• Questions for the Homeless Youth SurveyBasic Demographic Information How old are you? o Between 12 and 17 years old o Between 18 and 24 years old How do you define your gender? o Male o Female o Transgender o Other How do you define your ethnicity? (Choose all that apply) o African American/Black o Caucasian o Hispanic/Latino o Asian/Pacific Islander o American Indian/Alaskan Native o Other Where are you from? (Open ended—code by City, County, State and Country) o Grew up in California o Grew up in another state o Grew up in another country o Other (grew up in multiple states or countries etc)Important Information for Policy and Funding Including this time, how many times have you been without stable housing in the past three years? o 1 time o 2 or 3 times o 4 or more times How long has your housing situation been unstable this time? o 7 days or less o 8 to 29 days o 1 to 3 months o 4 to 5 months o 6 to 11 months o 1 to 5 years o More than 5 years 4
    • Questions for the Homeless Youth Survey, continued How or why did that happen? o Ran away from home o Forced to leave home o Aged out of foster care o Released from juvenile facility o Lost apartment/housing o Lost job o Other Where did you sleep last night? o On the street o A vehicle o Makeshift shelter/encampment dwelling o Friend’s house o Emergency shelter o Hotel/motel o Transitional housing o Apartment o Abandoned building o Other Where do you usually sleep? o On the street o A vehicle o Makeshift shelter/encampment dwelling o Friend’s house o Emergency shelter o Hotel/motel o Transitional housing o Apartment o Abandoned building o Other Are you trying to change your housing situation? o Yes o No If so, what challenges do you face in trying to change your housing situation? o No money for rent/deposit o No job o No car o No one to turn to for help o Other 5
    • Questions for the Homeless Youth Survey, continued Do you currently have a job? o Yes o No Are you currently attending school? o Yes o No What is the last grade level you completed? o 6th grade or lower o Between 7th grade and 9th grade o Between 10th grade and 12th grade o Some college o College graduate What kinds of support or services have you received? o Emergency shelter o Transitional housing o Housing location assistance or housing placement assistance o Food stamps/EBT card o SSDI (Social Security Disability benefits) o Medi-Cal o Access center/drop-in center services o Mental health counseling o Alcoholics Anonymous (AA) or Narcotics Anonymous (NA) o Alcohol/drug counseling o Health care o School or after-school center services o Job or employment services o Street outreach o Other What kind of support or services would help you the most? o Same choices as above 6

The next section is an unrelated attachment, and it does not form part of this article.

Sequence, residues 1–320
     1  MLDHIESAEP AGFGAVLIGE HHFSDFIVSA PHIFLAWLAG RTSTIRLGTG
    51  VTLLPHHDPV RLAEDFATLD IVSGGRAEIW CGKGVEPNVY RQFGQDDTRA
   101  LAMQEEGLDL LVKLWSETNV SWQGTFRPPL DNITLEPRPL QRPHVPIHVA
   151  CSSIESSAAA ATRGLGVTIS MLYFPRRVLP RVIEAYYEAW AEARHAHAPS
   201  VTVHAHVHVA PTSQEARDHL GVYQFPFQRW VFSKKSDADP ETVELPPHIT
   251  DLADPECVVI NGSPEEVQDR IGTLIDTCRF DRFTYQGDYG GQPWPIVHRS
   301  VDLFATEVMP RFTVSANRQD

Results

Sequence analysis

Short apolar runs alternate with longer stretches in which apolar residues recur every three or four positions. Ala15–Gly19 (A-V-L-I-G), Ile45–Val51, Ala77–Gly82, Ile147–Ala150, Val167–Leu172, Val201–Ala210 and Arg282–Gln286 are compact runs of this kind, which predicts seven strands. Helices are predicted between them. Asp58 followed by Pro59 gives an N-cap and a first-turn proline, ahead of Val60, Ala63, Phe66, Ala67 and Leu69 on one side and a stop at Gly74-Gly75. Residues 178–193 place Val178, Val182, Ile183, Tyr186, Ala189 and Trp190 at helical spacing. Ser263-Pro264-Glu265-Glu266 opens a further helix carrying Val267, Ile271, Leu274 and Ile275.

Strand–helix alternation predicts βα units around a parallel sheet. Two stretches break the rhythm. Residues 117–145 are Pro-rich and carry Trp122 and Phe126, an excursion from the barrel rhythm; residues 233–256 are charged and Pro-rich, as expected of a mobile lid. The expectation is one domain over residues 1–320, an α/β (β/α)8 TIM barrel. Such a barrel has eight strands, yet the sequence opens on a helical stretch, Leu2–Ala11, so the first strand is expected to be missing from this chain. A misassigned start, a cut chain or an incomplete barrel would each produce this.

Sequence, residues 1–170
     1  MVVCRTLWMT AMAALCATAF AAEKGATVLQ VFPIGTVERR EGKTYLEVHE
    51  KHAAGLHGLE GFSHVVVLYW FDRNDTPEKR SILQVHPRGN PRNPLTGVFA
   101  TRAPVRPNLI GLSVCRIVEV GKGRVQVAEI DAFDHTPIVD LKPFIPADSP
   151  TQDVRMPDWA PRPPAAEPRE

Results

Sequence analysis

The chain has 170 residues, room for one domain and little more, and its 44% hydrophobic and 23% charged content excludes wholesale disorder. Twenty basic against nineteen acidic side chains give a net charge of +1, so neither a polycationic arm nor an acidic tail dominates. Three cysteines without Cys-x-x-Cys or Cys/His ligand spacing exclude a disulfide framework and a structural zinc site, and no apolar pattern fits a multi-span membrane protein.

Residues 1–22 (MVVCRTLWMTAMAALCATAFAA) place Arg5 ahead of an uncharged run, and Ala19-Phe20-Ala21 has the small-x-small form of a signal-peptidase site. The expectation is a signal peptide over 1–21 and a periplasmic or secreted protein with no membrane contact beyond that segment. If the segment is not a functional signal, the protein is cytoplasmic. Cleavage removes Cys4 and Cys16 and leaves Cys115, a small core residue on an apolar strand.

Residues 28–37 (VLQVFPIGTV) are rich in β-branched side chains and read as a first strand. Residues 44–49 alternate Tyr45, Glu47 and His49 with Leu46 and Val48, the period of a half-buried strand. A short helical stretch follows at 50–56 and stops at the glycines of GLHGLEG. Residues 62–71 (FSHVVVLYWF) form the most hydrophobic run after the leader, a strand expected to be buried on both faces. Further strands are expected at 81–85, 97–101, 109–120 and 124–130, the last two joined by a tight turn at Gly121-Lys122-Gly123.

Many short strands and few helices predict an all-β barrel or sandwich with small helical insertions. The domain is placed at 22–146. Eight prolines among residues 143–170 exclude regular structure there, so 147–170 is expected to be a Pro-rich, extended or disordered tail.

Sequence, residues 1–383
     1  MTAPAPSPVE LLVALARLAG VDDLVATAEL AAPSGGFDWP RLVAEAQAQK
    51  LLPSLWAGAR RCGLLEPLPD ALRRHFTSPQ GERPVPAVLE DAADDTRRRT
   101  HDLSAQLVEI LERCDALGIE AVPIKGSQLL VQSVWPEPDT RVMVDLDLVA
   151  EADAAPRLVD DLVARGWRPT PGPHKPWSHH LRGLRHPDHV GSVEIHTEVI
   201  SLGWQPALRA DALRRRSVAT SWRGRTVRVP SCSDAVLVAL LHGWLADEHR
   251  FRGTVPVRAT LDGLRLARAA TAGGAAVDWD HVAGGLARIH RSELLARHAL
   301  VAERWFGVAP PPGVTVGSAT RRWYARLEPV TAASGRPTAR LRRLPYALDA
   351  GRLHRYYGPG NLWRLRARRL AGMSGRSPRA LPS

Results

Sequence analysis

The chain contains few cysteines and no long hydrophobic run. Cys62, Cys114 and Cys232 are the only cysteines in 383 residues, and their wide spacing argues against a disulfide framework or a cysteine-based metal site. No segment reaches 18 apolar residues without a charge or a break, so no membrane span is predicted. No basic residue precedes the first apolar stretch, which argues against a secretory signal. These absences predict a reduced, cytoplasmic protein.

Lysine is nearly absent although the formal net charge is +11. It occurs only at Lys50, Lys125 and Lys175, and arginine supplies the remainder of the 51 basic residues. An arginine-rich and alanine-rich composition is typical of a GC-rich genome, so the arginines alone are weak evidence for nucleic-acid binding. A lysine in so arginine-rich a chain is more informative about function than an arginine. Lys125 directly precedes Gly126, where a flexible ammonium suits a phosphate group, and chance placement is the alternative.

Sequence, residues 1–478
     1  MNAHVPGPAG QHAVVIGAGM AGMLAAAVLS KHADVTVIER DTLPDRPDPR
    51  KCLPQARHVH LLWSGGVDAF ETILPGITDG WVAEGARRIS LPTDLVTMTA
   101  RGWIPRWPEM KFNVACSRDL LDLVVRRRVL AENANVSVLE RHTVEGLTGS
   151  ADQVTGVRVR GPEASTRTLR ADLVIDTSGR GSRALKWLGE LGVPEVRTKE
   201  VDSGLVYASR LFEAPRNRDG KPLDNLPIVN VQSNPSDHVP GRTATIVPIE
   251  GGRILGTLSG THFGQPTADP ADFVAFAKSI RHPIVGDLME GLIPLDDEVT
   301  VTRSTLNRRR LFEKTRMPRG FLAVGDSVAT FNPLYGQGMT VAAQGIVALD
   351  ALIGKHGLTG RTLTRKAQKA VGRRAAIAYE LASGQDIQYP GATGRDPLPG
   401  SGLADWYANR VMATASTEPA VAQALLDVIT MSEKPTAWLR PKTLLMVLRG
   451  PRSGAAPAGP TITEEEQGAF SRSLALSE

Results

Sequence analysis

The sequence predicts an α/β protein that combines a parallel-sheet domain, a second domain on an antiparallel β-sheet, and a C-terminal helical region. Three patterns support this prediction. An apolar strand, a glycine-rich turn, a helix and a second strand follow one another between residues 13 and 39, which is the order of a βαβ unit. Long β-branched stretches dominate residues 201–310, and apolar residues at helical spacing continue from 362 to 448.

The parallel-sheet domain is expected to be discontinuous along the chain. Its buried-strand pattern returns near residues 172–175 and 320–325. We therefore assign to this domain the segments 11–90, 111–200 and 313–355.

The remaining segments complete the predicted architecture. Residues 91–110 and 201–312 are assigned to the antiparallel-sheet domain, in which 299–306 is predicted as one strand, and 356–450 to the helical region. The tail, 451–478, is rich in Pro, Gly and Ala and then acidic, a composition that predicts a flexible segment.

•  Principles and best practices for finding and surveying homeless youth (continued)  Build in measures to reduce/eliminate duplication in counting ~ these will need to balance the need to identify individuals with the need to maintain privacy for those being counted  Establish role clarity for all partners in the survey ~ CoC members, youth service providers, and youth can be placed in teams to maximize their skills and knowledge of the area o Van driver o Van team leader o Team supervisor o Youth surveyors  Train teams and review procedures to ensure consistency across teams o Teams divide up the youth “hot spots”—main streets, parks, arcades, internet cafes, schools, libraries, metro stations o Each team is given a map of the area they will survey and materials to tally o Teams are dropped off near youth “hot spots” o Teams walk and conduct surveys o Conduct a second round if there is time o Teams check in with Van Team Leader when they have covered the entire area to determine time and location of pick-up  Provide compensation to youth who are surveyed (in the form of gift cards for grocery stores, bus passes, or hygiene kits) ~ this acknowledges the gift of the youth’s time in being surveyed o Develop resource/referral information with local contacts for supports and services for homeless youth o Distribute resource/referral information to youth surveyors to hand out  Review and customize materials to fit your youth count effort ~ one size does not fit all 7
    • How to Count:  Be safe ~ stay with your partner(s)  Stay in communication with your team leader  Use your best judgment about who is homeless and who is under age 25  Keep in mind: Zero is a valid number  For each homeless youth you see, mark on tally sheet  Approach each youth and ask if they are willing to answer questions  If yes, fill out the questionnaire and give youth their compensation  If available, give resource/referral materials to homeless youth who requests assistance  Keep outside conversations to a minimum  Manage your time ~ if you need help covering your area or need more time, call your team leader  Avoid any situation that makes you uncomfortable ~ don’t take risks  Call your team leader if you have any problems, or call 911 in the case of an emergencyAuthors’ Note:This is a work in progress and should be considered a draft. If you are interested incontributing to the development of a “Toolkit” for Surveying Homeless Youth, pleasecontact the following:  Ginny Puddefoot, CA Homeless Youth Project, gpuddefoot@library.ca.gov  Mark Silverbush, LA Homeless Services Authority, msilverbush@lahsa.org 8